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How endometriosis patients can be resistant to progesterone therapy and what to do about it

Endometriosis is a complex and often misunderstood condition affecting millions of women worldwide. While it's widely recognized for the excruciating pain it inflicts, there's a silent battle raging within the bodies of many sufferers – progesterone resistance. In this blog post, we delve into the intricacies of progesterone resistance in endometriosis, shedding light on its implications and offering hope for better management and treatmen


Understanding Progesterone Resistance: Progesterone is a hormone crucial for regulating the menstrual cycle and maintaining a healthy uterine environment. However, in women with endometriosis, the cells that line the uterus (endometrial cells) implant and grow outside the uterus, causing inflammation, scarring, and debilitating pain. Despite the role progesterone plays in controlling endometrial growth, many women with endometriosis exhibit resistance to its effects.


The Mechanisms at Play: Researchers have been unraveling the intricate mechanisms behind progesterone resistance in endometriosis. One leading theory suggests that the abnormal growths of endometrial tissue produce factors that disrupt progesterone signaling pathways, rendering the cells less responsive to its inhibitory effects. Additionally, genetic predispositions and environmental factors may contribute to this resistance, further complicating the picture. Environmental toxins such as dioxins, genetic and epigenetic changes and increased inflammation can lead to progesterone resistance.

Progesterone resistance seems to be associated with an overactivity of the progesterone receptor A (PRA) and Estrogen receptor-β (ER-β).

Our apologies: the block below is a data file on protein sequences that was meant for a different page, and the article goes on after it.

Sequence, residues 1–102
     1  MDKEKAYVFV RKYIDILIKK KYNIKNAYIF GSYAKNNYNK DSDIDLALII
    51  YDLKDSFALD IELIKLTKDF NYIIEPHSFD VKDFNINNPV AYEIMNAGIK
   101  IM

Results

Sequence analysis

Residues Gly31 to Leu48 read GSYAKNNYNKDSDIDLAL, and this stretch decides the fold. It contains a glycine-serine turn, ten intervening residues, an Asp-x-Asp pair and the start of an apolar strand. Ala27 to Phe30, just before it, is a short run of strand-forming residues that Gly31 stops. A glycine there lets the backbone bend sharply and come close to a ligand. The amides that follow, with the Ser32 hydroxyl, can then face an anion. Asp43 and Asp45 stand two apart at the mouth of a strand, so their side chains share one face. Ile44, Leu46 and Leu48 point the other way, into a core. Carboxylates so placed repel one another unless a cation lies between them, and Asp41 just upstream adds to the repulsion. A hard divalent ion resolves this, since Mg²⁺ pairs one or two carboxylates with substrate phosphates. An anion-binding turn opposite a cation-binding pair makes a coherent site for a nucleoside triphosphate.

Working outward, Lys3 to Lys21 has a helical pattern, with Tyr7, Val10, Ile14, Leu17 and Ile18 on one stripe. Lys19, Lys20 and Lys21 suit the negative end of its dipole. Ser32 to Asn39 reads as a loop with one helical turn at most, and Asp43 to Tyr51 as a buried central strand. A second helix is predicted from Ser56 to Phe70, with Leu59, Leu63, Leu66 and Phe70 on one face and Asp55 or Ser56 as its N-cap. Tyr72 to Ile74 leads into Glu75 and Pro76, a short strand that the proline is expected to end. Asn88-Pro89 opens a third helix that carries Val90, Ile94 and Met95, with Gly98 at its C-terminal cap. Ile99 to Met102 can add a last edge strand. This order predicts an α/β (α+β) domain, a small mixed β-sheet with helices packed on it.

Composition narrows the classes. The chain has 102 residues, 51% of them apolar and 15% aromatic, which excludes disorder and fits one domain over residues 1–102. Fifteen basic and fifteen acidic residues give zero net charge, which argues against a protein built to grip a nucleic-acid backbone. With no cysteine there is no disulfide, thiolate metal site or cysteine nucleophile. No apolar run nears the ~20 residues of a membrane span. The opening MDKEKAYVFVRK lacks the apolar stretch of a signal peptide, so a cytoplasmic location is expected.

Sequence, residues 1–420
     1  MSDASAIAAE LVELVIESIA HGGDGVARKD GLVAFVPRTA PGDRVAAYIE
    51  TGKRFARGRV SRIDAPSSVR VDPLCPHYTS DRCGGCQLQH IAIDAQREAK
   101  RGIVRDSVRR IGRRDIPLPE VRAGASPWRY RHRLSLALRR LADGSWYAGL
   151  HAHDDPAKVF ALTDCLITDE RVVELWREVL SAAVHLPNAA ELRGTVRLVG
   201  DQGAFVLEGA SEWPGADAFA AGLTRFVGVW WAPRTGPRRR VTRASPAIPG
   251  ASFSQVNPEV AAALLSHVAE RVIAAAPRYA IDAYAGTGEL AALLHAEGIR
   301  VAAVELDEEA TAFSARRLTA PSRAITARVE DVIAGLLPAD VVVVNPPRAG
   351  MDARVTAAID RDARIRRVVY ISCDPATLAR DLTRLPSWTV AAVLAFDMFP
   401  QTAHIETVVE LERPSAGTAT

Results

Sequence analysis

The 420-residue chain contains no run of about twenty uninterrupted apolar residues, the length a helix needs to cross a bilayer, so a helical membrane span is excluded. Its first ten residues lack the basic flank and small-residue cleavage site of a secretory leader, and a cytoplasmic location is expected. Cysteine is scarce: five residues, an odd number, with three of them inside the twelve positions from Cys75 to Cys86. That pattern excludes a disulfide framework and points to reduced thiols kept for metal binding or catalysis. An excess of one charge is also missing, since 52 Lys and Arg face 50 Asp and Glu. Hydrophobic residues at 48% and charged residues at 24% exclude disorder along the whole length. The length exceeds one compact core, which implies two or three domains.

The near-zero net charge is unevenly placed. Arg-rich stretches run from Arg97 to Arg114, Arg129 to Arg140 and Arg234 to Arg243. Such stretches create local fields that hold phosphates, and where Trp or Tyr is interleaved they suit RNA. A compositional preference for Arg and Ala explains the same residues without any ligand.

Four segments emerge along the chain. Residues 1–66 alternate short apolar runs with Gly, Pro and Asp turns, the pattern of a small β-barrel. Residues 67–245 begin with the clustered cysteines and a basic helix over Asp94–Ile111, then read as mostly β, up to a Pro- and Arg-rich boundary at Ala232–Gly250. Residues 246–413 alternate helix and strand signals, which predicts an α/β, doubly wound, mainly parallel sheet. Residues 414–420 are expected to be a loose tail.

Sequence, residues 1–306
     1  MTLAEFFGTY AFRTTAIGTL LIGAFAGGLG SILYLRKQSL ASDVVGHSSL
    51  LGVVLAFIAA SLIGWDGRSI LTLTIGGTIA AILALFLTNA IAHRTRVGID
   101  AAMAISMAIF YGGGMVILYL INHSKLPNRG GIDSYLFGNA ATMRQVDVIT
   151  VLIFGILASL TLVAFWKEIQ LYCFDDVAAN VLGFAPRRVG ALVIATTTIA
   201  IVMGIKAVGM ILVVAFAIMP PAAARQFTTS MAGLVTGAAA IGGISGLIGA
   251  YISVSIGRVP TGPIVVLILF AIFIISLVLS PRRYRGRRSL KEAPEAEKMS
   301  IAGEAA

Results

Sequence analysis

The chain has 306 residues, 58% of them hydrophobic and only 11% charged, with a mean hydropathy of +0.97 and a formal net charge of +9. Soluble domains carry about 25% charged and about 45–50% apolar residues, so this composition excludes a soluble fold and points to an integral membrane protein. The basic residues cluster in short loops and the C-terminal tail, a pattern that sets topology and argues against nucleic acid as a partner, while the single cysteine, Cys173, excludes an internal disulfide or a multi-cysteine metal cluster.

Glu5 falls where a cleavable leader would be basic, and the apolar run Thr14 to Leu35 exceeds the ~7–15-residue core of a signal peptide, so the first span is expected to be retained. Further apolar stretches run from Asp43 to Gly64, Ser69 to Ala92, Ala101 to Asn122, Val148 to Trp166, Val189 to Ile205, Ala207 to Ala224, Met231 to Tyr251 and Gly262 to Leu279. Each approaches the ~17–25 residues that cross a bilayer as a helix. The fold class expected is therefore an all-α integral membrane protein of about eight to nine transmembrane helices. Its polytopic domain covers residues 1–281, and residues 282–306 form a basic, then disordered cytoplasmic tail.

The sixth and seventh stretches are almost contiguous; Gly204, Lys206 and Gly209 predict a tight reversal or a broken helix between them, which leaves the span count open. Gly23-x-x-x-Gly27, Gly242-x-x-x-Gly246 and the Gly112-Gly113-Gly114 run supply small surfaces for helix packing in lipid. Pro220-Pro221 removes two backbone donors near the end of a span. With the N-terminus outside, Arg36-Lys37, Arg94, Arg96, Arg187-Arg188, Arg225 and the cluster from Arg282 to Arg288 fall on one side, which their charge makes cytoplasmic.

The Consequences: Progesterone resistance in endometriosis can have far-reaching consequences for women's health and quality of life. It may lead to persistent inflammation, exacerbating pain and other symptoms associated with the condition. Moreover, progesterone resistance can thwart traditional treatment approaches, making it challenging for patients and healthcare providers to effectively manage the disease.


Treatment options:


Micronized, bioidentical progesterone: in patients with progesterone resistance, much higher doses of bioidentical progesterone may be needed. Different forms include oral, sublingual, topical creams and vaginal suppositories.


Dienogest (17α-cyanomethyl-17β-hydroxyestra-4,9-dien-3-one) is efficacious in the treatment of endometriosis, attributed in part to its ability to overcome attenuated progesterone responses. DNG may overcome progesterone resistance by directly increasing the PR-B:PR-A RNA ratio in endometriotic cells and tissues. Estrogen receptor-β, which is increased in endometriotic tissue, is downregulated by DNG. As ER-β can repress estrogen-induced PR expression, decreasing ER-β with DNG may enhance progesterone sensitivity in patients with endometriosis.


Mirena IUD: The levonorgestrel intrauterine system (LNG-IUS) also has proven benefits, reducing moderate to severe dysmenorrhea in approximately 88% of patients compared with placebo. Eutopic and ectopic endometrial tissue biopsies after 6 months of LNG-IUS placement show a reduced cell-proliferation index in addition to decreased expression of ERα and PR-A. Symptomatic improvement of chronic pelvic pain seems equally promising, with some studies noting similar pain profiles in patients treated with LNG-IUS compared with GnRH analogues. Side effect profiles, similarly, are better in patients treated with LNG-IUS than with GnRH analogues.



Anti-inflammatory drugs: Statins have a proven capacity to decrease the proinflammatory mediators IL-1β, TNF-α and C-reactive protein. This class of drugs also inhibits angiogenic factors, further assuaging endometriotic lesion establishment and disease burden. Other antiinflammatory drugs such as ibuprofen or aspirin have been shown to lower infllammation in endometriosis patients.



Natural treatments: a highly antinflammatory, antioxidant rich diet can lower inflammation and improve progesterone response. A diet rich in polyphenols is recommended. Healing the gut and underlying inflammation can be helpful. Omega-3 rich foods can also be helpful. Turmeric, green tea, and berries, contain bioactive compounds with inflammation-inhibiting properties.



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